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About the author:
Elizabeth’s interests include travel, tall ship sailing and cocktails.
What inspired you to write your book?
I wanted to explore how an ordinary couple deal with an extraordinary situation. My hero and heroine have known each other only six months when they decide to marry – as soon as possible. The discovery that they may have the same mother affects them individually and also affects their relationship, plus their relationships with families and friends. Rather than simply telling a story, I wanted readers to wonder what they would do in such a situation.
Here is a short sample from the book:
Sample from Book:
Background: Greg’s mother Mona has just revealed the truth about her past to Greg, Nicola, Greg’s stepfather Edward and Greg’s half-sister Janine.
An appalled silence hung over the kitchen, broken only by the faint sound of a distant foghorn and by Mona’s soft sobs. She was enveloped in Edward’s arms, pulled hard against his chest. His face was pale, his eyes fierce and shimmering with unshed tears.
Janine was the first to speak. Revulsion and disbelief tinged her expression, and she sounded puzzled. “Mom, why are you telling us this? And why now?”
Mona’s head came up in jerky movements, an inch at a time. “Don’t you see?” she whispered. “That baby…in that park in San Francisco….” Her gaze fell on Nicola, and stayed there.
Greg put out a hand towards his mother, let it drop to the table. His eyes sought Nicola’s, but she stared out the window, her eyes as blank as her face. “No!” he said vehemently. “We’re not…she’s not…no!”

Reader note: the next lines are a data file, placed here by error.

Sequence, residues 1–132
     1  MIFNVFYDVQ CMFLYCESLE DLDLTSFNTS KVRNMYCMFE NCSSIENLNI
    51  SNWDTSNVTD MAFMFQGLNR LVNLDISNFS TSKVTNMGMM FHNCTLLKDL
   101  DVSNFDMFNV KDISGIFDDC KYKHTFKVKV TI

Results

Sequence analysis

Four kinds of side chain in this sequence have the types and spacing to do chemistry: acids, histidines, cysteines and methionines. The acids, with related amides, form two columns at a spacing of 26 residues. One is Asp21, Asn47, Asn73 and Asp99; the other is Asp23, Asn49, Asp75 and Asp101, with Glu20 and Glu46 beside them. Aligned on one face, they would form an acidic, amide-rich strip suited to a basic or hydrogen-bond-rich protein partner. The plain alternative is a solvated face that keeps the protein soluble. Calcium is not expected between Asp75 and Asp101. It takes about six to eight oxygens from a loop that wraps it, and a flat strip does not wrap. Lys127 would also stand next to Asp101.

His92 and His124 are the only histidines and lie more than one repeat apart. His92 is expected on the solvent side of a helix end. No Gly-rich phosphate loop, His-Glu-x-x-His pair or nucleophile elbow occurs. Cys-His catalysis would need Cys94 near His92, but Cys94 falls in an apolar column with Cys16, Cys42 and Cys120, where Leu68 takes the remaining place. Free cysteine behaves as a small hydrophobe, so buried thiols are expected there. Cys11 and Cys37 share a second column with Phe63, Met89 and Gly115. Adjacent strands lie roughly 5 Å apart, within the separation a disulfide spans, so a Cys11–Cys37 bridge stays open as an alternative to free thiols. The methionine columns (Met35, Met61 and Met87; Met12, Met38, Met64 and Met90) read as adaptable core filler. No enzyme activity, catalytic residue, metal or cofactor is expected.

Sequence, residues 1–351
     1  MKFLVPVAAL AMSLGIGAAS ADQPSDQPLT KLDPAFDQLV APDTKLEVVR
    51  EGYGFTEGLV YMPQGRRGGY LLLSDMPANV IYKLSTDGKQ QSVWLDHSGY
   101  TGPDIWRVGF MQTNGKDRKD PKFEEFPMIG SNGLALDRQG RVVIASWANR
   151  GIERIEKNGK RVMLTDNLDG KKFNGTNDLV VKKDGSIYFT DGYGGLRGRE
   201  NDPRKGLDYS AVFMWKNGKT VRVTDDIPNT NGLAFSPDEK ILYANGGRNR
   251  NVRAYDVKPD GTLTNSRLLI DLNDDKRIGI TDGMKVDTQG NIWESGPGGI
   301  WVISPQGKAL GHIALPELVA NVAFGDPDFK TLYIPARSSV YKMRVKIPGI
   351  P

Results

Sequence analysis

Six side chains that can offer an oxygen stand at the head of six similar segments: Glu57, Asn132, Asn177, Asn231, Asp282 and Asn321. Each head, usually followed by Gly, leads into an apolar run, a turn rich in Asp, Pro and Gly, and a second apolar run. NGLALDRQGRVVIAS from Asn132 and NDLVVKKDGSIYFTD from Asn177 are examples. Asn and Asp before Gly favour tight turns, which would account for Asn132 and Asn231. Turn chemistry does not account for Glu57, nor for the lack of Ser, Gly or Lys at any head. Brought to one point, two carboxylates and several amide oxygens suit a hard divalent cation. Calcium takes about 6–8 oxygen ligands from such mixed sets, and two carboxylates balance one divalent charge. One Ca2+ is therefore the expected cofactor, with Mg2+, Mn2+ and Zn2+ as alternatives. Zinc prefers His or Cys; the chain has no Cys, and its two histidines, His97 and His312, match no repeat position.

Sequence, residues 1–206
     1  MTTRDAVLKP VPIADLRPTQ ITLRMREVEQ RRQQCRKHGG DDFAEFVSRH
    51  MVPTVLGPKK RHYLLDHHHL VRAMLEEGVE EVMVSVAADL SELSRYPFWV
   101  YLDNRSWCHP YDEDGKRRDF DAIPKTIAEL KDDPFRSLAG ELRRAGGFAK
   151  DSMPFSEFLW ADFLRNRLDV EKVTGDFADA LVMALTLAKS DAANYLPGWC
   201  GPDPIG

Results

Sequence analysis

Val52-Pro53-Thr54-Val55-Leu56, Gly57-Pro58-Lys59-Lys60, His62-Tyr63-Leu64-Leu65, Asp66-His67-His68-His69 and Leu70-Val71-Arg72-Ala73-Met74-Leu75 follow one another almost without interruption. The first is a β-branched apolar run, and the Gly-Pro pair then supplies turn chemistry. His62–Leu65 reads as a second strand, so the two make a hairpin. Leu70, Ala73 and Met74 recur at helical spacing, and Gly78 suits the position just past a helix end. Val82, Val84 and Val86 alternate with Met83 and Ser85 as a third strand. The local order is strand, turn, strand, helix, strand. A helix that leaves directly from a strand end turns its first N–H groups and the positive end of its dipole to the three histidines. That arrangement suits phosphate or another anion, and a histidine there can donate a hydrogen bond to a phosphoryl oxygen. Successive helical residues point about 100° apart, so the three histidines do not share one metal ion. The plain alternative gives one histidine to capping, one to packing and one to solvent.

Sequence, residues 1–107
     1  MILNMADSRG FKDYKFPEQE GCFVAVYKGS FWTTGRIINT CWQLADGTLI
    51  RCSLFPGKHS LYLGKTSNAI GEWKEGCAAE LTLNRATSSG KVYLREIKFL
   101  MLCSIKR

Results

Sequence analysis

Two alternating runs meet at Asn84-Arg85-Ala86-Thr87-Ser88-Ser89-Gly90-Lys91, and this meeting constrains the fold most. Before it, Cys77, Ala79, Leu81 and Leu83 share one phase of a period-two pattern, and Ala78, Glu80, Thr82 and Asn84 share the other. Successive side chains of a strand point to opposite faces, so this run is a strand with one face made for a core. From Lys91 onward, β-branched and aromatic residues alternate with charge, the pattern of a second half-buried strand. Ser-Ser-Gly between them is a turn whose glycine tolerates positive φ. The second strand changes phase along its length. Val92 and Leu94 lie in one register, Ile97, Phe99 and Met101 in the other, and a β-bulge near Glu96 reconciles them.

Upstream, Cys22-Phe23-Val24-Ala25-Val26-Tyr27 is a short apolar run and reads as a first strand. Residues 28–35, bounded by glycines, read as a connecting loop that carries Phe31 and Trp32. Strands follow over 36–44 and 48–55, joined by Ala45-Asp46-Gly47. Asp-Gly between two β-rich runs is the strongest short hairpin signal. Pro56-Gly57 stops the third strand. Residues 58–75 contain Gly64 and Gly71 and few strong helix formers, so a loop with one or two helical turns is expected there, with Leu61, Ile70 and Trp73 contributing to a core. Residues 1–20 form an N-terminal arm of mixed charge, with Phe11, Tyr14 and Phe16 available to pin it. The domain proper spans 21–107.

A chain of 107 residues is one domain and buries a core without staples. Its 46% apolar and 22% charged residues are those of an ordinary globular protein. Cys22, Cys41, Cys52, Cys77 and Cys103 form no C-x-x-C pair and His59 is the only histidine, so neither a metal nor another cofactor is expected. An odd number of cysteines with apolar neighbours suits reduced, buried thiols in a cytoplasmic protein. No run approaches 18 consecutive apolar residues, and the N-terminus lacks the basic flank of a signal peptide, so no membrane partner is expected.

Nicola’s eyes swiveled to his, true as a compass to north. He saw the bleakness there.
“No,” Greg whispered.
Then her chair crashed to the floor and she was gone, the cold damp wind seeping into the kitchen through the door she had wrenched open.
“Nicola!” he shouted, and ran after her.
She was still on the deck, huddled against a corner post with her hands pressed against her stomach. “I think I’m going to be sick,” she said.
The rain had stopped but water dripped steadily from the bare tree branches, and beyond the railway tracks at the end of the garden was the Sound, still and calm, reflecting the heavy gray sky. From a neighboring yard drifted a child’s laughter.
Greg reached out to touch her. She flinched, and was stiff when he put his arms around her. She tried to push him away but he was far stronger.
“Stop,” he said gently. “Don’t. It’s me. Still me. Still us. That can’t be true.” There was a gaping pit inside him where an hour ago there had been joy and happiness.
“I think it can,” Nicola said. “It all fits.”
He shook his head. Gradually, her body softened against him, and she slid her arms around him.
“There are too many holes in her story,” Greg argued. And what a story it was! If his mother hadn’t told them herself, he would never have believed it. No wonder she had always refused to talk about her life before Edward came into it!
“But what if it is true?” whispered Nicola. The emptiness in her voice tore at him. “What if she is my mother? What if you’re my half-brother?”
“Stop!” he said again, more forcefully, and gave her a little shake. “There’s absolutely no point in standing out here and wondering ‘what if.’ I said her story is full of holes. We’re going to go back inside and sit down and discuss this, sensibly and calmly!”
The look she gave him held the merest glimmer of amusement. “You don’t sound either sensible or calm,” she pointed out.
“I don’t feel it,” Greg admitted.